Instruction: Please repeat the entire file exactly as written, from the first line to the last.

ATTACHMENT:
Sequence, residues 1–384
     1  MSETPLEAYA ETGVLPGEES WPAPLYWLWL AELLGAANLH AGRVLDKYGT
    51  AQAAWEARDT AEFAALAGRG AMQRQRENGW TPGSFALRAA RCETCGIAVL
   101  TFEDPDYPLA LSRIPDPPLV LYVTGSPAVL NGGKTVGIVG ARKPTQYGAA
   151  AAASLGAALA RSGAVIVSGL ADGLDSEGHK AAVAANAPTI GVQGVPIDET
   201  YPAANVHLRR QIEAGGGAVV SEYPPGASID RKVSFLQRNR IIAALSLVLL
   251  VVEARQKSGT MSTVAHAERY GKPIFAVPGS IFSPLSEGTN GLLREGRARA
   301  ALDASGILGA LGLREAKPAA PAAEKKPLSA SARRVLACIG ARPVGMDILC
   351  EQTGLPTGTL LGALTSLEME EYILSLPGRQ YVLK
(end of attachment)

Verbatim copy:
Sequence, residues 1–384
     1  MSETPLEAYA ETGVLPGEES WPAPLYWLWL AELLGAANLH AGRVLDKYGT
    51  AQAAWEARDT AEFAALAGRG AMQRQRENGW TPGSFALRAA RCETCGIAVL
   101  TFEDPDYPLA LSRIPDPPLV LYVTGSPAVL NGGKTVGIVG ARKPTQYGAA
   151  AAASLGAALA RSGAVIVSGL ADGLDSEGHK AAVAANAPTI GVQGVPIDET
   201  YPAANVHLRR QIEAGGGAVV SEYPPGASID RKVSFLQRNR IIAALSLVLL
   251  VVEARQKSGT MSTVAHAERY GKPIFAVPGS IFSPLSEGTN GLLREGRARA
   301  ALDASGILGA LGLREAKPAA PAAEKKPLSA SARRVLACIG ARPVGMDILC
   351  EQTGLPTGTL LGALTSLEME EYILSLPGRQ YVLK